Content

Improve Your Game – How to write a shot routine

April 20th 2020
Sophie Meering

Penny Healey explains how she writes a shot routine and some tips to help you create your own.

There is a lot that you have to do for your shot routine, most of the time archers don’t realise they are doing it as it just becomes part of the natural shot. A good shot routine can mean a consistent shot, which will lead to a consistent score.

Before the shot

There are many things to think about or write down for your shot routine. Firstly, think of what you do as soon as you get to the shooting line. Think about your stance, when you load your arrow and place your fingers onto the string. Do you have a mental routine? If so when do you use it? I visualise my shot and breathe before I shoot.
I think that this part of the routine is the most important part as it sets your mindset before the shot, or maybe even the rest of the end.

The shot

This is the most technical part and where lots of points may be written down. Think about from the moment you look at the target until the arrow hits it. Try to think of it in small parts. If you are finding it hard to remember it all, grab a clini-band or your bow and do the motion, then write it down.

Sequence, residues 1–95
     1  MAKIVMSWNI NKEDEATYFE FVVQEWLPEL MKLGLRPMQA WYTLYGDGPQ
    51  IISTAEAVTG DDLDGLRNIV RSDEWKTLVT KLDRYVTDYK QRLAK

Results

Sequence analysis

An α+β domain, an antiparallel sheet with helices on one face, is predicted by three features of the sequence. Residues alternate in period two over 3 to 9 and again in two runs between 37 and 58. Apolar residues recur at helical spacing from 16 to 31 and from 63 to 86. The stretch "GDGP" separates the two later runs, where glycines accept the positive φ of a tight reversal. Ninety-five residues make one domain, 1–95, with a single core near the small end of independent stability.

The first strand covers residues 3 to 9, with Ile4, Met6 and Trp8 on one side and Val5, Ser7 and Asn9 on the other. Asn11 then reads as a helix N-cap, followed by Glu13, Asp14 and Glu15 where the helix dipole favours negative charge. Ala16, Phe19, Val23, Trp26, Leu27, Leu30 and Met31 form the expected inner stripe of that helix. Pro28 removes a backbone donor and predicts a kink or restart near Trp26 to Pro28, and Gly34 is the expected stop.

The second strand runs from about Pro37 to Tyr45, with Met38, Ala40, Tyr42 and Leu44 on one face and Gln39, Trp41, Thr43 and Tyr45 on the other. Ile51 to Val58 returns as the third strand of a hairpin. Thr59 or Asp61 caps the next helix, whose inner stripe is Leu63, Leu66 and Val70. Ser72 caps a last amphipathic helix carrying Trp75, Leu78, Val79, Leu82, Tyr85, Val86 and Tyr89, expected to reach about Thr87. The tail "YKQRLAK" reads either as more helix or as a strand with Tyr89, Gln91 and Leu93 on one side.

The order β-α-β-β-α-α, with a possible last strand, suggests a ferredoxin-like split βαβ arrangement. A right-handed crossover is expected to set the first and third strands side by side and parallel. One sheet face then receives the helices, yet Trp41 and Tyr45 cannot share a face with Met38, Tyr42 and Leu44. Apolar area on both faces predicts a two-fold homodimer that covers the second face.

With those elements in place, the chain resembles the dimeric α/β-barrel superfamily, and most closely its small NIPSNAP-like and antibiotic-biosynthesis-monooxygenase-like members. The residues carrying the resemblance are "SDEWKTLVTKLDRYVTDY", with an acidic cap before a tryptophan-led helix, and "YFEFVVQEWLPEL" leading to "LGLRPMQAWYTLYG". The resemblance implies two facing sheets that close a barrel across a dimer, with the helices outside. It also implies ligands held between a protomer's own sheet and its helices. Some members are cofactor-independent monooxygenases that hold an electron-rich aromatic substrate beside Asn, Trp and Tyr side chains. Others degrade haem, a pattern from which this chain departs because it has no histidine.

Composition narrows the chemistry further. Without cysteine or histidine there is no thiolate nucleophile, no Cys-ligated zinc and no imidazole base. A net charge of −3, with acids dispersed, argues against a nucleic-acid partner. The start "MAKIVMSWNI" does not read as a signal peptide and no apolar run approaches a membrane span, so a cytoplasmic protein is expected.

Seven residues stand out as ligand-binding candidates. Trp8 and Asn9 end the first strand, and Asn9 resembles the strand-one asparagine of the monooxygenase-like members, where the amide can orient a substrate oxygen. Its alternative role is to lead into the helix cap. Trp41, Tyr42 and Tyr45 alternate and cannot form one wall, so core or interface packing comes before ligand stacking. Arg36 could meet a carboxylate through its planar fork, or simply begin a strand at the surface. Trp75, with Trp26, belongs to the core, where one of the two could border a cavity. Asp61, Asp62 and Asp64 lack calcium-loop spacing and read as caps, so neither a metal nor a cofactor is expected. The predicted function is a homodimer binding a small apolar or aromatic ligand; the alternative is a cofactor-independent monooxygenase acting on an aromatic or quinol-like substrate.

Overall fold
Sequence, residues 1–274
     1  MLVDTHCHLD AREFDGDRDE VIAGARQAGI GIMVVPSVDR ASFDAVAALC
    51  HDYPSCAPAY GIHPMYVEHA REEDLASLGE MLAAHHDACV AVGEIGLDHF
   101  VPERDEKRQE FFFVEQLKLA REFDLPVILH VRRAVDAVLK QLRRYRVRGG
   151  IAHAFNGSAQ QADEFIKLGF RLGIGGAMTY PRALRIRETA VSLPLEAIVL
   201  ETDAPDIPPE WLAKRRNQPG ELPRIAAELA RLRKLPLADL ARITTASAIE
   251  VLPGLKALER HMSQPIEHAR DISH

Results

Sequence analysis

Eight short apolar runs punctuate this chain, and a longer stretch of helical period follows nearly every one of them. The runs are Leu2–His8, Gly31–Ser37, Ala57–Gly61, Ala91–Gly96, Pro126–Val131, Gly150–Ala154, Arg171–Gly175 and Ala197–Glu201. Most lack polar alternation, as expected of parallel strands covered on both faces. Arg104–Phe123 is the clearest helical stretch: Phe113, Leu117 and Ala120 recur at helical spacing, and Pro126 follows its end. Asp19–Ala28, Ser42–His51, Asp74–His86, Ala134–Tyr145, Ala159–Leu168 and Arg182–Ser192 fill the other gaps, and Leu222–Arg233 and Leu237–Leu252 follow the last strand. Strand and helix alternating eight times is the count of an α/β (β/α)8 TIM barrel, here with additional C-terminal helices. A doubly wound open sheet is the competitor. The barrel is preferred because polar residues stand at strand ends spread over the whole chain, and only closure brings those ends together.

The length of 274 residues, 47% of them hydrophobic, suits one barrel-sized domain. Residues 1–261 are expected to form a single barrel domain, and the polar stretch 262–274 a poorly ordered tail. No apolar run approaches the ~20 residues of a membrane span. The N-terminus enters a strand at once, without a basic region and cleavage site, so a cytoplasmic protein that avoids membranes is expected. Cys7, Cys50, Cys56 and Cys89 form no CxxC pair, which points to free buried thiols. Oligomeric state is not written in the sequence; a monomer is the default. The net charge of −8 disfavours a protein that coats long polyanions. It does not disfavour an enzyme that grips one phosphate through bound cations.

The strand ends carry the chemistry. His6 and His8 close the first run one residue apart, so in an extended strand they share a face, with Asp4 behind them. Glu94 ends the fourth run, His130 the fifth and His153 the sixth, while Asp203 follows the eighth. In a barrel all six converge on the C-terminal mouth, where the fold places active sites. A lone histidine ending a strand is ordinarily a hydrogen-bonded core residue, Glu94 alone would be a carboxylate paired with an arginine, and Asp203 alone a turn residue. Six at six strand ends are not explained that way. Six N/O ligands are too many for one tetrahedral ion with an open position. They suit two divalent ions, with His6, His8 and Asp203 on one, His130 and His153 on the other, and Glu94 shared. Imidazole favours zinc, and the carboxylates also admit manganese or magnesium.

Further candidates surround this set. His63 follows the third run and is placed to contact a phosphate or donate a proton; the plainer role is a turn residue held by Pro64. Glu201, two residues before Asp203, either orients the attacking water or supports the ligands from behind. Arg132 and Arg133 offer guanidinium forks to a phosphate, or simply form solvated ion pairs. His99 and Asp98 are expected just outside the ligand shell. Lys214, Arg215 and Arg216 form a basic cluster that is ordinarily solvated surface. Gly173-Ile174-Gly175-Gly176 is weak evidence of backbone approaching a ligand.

After the shot

Assess the shot. What went well? Try to think positively. What was the weather like? Could you have controlled it or is it out of your control? Be realistic. What do you do when you do a ‘different’ shot?

Struggling?

If you are struggling to remember, try thinking of:
– Loading the arrow for your next shot.
– Your stance and posture, this gives you a solid base to help your shot be consistent.
– Setting your grip in the correct position is crucial and making sure it is the same each time.
– Setting up the shot with your shoulder in alignment and your elbow rotated.
– How you draw the bow, is it a fast draw up to anchor or slow and controlled.
– How your hand or tab feels on your face when at full draw and in your anchor.
– Expanding through the final phases of your shot allowing your clicker to go off.
– The feeling of your release, do you let go of the string or simply relax your fingers as you expand?
– Following through with both the front arm pushing towards the target and your back arm following the line of the shot as it recoils.
– Do you set the bow on the ground and review your last shot? Or load up straight into the next.
– Mental routine (if you have one).

Latest News

Sign up for the latest news

Get all the latest news from Archery GB

To join our mailing list, simply click this box to subscribe